Ruby Memorial Hospital uses therapy dog to brighten up patients’ stay at the hospital

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MORGANTOWN, W.Va. – It can be hard to be in a hospital for extended periods, but Ruby Memorial Hospital has a four-legged furry friend to help overcome that difficulty.

Gus the therapy dog is an almost-two-year-old Old English Sheepdog that makes rounds through the hospital cheering patients up. Gus is one of 11 dogs the hospital uses, but the only one working full time.

One of the patients Gus stopped by to visit on Thursday was Yvonne Hines, who has been in the hospital for three months. Hines, a high school teacher, is a double amputee, in her legs, due to an accident that happened while she was out cycling with her husband. Hines said she had been waiting to receive surgery for 3 months, one was finally scheduled for Monday, but then a surgeon backed out, leaving her feeling down.

“In comes Gus after everything has been explained and I just feel a whole lot better, he just makes your day, I can’t explain it,” Hines said. “I never would have believed it but after three months in here– when I get to see Gus it’s been a really good day.”

Hines said she knows that a lot of people feel how she does about the joy Gus brings and she wasn’t wrong. Children, adults, patients and staff alike stop to admire Gus no matter where he goes in the hospital.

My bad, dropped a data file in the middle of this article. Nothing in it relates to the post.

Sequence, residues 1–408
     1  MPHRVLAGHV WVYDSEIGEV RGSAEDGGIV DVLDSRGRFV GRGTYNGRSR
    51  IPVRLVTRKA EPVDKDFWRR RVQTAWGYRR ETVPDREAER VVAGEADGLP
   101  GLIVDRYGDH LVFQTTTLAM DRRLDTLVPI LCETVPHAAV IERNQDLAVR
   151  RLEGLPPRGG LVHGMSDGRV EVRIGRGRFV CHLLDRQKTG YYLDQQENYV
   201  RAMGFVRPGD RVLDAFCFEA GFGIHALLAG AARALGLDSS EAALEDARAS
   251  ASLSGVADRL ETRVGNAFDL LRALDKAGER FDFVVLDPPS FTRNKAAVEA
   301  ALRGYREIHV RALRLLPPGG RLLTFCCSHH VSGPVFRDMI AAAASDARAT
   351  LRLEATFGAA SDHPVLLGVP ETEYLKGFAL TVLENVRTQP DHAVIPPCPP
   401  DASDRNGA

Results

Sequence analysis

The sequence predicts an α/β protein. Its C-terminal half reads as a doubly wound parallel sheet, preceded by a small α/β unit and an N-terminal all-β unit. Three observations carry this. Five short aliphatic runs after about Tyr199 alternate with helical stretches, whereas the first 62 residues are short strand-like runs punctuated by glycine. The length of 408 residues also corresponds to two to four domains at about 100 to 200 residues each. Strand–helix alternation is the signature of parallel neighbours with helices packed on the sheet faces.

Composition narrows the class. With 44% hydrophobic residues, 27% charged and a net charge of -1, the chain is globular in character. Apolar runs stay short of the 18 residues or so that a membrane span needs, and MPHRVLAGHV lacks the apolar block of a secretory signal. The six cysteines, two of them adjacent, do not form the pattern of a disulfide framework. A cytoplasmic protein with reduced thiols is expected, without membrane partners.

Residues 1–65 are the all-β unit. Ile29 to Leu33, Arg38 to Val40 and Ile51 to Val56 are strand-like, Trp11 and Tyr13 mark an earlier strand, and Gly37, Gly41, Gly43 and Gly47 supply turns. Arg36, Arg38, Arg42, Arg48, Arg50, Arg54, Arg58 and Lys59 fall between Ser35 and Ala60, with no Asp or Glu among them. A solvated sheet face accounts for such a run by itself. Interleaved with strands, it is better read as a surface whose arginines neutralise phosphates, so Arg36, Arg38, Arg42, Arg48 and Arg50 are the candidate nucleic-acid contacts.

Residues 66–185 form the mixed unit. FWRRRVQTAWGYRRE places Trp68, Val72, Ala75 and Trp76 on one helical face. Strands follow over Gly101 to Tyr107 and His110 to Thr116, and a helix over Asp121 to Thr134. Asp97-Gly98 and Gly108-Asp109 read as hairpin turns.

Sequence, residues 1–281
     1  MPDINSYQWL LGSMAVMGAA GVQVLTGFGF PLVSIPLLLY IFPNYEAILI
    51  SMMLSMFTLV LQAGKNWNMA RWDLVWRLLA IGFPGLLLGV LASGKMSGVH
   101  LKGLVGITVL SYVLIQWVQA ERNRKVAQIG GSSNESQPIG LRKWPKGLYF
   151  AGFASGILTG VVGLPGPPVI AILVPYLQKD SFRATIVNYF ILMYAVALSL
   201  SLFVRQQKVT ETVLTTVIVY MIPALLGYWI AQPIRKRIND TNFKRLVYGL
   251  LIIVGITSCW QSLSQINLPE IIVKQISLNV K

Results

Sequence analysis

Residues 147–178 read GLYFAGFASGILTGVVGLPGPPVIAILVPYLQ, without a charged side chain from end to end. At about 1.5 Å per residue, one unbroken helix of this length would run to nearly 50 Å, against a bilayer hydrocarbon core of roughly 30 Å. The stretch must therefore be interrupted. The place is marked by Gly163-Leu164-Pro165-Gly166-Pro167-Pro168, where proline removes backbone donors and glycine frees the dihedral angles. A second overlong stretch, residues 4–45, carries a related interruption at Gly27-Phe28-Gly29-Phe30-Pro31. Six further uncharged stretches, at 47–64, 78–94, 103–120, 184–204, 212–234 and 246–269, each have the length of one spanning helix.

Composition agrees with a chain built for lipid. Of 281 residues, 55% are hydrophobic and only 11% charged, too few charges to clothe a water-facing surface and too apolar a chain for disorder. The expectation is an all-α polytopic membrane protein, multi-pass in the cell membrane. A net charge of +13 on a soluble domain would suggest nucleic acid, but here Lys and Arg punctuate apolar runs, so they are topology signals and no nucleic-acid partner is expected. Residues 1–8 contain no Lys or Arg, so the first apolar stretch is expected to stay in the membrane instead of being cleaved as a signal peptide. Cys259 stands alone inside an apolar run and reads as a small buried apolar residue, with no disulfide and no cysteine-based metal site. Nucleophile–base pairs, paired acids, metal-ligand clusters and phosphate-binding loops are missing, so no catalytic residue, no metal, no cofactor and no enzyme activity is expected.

Hospital employees take a break to pet Gus

Callie Yoak, who has been in the hospital since Monday, said she feels happier when he walks in the room because she’s able to pet his very soft fur. Yoak said she didn’t know how much longer she would be amitted but that she hoped Gus comes back to visit her as much as possible.

“He just makes your day, I can’t explain it I have no reason but he’s the best dog ever,” Hines said. “When he comes in my room I forget about whatever’s ailing me at least until he leaves.”

Gus is managed by Maleah King, who is the program coordinator of behavioral health and wellness. Her office provides counseling and psychiatry services to all students at WVU Medicine campus. Gus is King’s personal dog and she said he had to go through several weeks of training to become certified a therapy dog.

Gus and Maleah

When her office started the program, she said she pitched the idea of bringing in therapy dogs to her boss but he laughed and said people would not come in to see a dog. However, after nearly a year on the job, King said she can see that everyone knows Gus and that it’s an awesome feeling to know that he is helping patients like Hines.

“When we first started visiting her she wouldn’t even look at us,” King said. “Now she’s sort of my adoptive mom like we see her just about every day. It’s nice to see the breakthroughs.”

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